TH E Collect for this Day minds us of God's exalting his only Son Jesus Christ with great Triumph unto his Kingdom of Heaven •, and thence takes occasion to beseech him not to leave us comfortless, but to send to us his Holy Ghost to comfort us, and to exalt us unto the fame place, whither our Saviour Christ is gone before.

To this end, the Epistle for the Day puts us in mind of the approaching End and Consummation of all things, that we may be fit to be receiv'd at last into that holy place, which Christ is gone before to prepare for us. In this Epistle then we may observe,

First, A Proposition, in these words, The End of all things is at hand.

Secondly, Some preparatory Vertues or Graces that help to fit us for it. And they are,

ist, Sobriety or Temperance in the Use of God's Creatures; Be ye therefore sober.

zdly., Watchfulness or Diligence in Prayer; And watch unto Prayer.

idly, Fervent Love and Charity among our selves, which will cover a Multitude of Sins.

qthly, Hospitality to be used one to another without grudging; and this to be shew'd by ministring the Gifts we have received, as occasion shall require, like good Stewards of the manifold Grace of God.

$thly, Teaching and instructing the People, as God hath Z '". directed directed us, and ministring to them, according to the Ability that God giveth us. .

To which is added, the End we are to aim at in ail these things- , to wit, that God in all things may be glorified thro Jesus Christ.

These are the things here recommended to prepare us for the Coming of the Holy Ghost, and after that for the Conclusion and Consummation of all things; which must be therefore particularly handled. I begin then with the Proposition laid down in these words, The End of all things is at hand; where we are to enquire what is meant by the End of all things, and how it is faid to be at hand. For the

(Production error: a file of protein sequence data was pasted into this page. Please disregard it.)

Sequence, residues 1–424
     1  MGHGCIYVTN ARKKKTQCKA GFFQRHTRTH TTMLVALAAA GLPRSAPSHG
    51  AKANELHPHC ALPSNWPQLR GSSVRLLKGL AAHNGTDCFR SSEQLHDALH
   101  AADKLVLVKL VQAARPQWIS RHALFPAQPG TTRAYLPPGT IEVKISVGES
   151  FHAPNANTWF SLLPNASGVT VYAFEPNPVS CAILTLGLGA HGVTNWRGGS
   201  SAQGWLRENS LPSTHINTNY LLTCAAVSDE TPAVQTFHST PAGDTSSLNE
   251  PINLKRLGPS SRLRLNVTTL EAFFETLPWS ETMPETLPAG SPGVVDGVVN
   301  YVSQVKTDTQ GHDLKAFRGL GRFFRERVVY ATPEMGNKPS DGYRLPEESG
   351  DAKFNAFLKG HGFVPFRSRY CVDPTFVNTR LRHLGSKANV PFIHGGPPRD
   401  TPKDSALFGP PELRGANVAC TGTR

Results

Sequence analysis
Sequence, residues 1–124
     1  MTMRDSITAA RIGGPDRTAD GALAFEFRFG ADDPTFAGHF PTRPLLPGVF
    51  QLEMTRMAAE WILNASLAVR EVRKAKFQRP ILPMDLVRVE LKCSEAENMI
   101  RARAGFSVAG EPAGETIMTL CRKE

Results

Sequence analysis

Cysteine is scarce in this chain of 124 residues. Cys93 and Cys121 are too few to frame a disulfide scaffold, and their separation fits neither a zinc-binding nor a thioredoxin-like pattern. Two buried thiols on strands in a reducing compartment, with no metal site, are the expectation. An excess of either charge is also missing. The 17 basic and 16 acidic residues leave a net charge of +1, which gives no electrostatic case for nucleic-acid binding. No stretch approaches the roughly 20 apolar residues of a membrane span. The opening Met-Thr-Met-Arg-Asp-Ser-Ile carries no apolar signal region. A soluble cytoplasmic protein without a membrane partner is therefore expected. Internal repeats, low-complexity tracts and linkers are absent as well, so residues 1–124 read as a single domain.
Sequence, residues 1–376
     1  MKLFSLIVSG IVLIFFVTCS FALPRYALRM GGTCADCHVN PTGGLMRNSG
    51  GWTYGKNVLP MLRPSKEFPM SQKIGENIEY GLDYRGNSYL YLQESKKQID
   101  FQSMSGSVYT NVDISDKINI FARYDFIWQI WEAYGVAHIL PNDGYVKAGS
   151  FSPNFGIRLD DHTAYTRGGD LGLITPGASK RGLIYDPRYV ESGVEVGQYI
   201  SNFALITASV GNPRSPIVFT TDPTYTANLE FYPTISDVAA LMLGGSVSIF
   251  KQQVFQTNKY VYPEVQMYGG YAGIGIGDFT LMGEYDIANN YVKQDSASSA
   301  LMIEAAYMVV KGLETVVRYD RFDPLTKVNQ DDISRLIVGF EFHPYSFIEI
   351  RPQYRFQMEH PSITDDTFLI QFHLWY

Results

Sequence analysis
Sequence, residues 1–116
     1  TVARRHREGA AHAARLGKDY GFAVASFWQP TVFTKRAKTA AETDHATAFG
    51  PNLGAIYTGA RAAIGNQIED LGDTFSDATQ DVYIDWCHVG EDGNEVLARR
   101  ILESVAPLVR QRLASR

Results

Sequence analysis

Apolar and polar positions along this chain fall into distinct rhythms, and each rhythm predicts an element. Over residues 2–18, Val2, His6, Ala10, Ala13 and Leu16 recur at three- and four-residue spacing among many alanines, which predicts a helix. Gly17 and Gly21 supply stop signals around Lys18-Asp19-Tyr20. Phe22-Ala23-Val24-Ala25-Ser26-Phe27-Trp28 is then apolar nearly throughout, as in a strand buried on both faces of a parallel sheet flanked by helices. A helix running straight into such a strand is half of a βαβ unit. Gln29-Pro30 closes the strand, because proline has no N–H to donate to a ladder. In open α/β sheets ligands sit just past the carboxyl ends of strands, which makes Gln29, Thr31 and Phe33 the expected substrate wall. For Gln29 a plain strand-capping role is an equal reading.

First, By* the End of all things, some understand the End of the Jewish, State, by the Destruction of the City and Temple of Jerusalem. , when the whole Polity and Government of the Jews was dissolv'd, and they came under the Power and Subjection of the Romans: Of this we read in St. Matt. 14. where our Saviour foretold the utter Ruin and Destruction of that obdurate Nation, for rejecting of him, and casting the Word of Salvation from them j telling them, that the Temple, of which they boasted, should be raz'd to the Ground, not having one Stone of that stately Fabrick left upon another, that should, not be thrown down: which Destruction was to be usher'd in with many amazing Signs and Tokens, such as the Coming of false Christs and false Prophets, with Signs in the Heavens, and on Earth Distress of Nations j Mens Hearts failing them for fear of what is coming upon them ., Wars and Rumors of Wars j the Sea and the Waves roaring, and the like; of which we read in that Chapter, When these things were fulhTd, and the End of the Jewish Church and State came by the Destruction of Jerusalem^ then happen'd that which is sometimes call'd <tw1ihna. Tit «'wof, the Consummation of the Age; and here T3 T&oj *t'rWi the End of all things,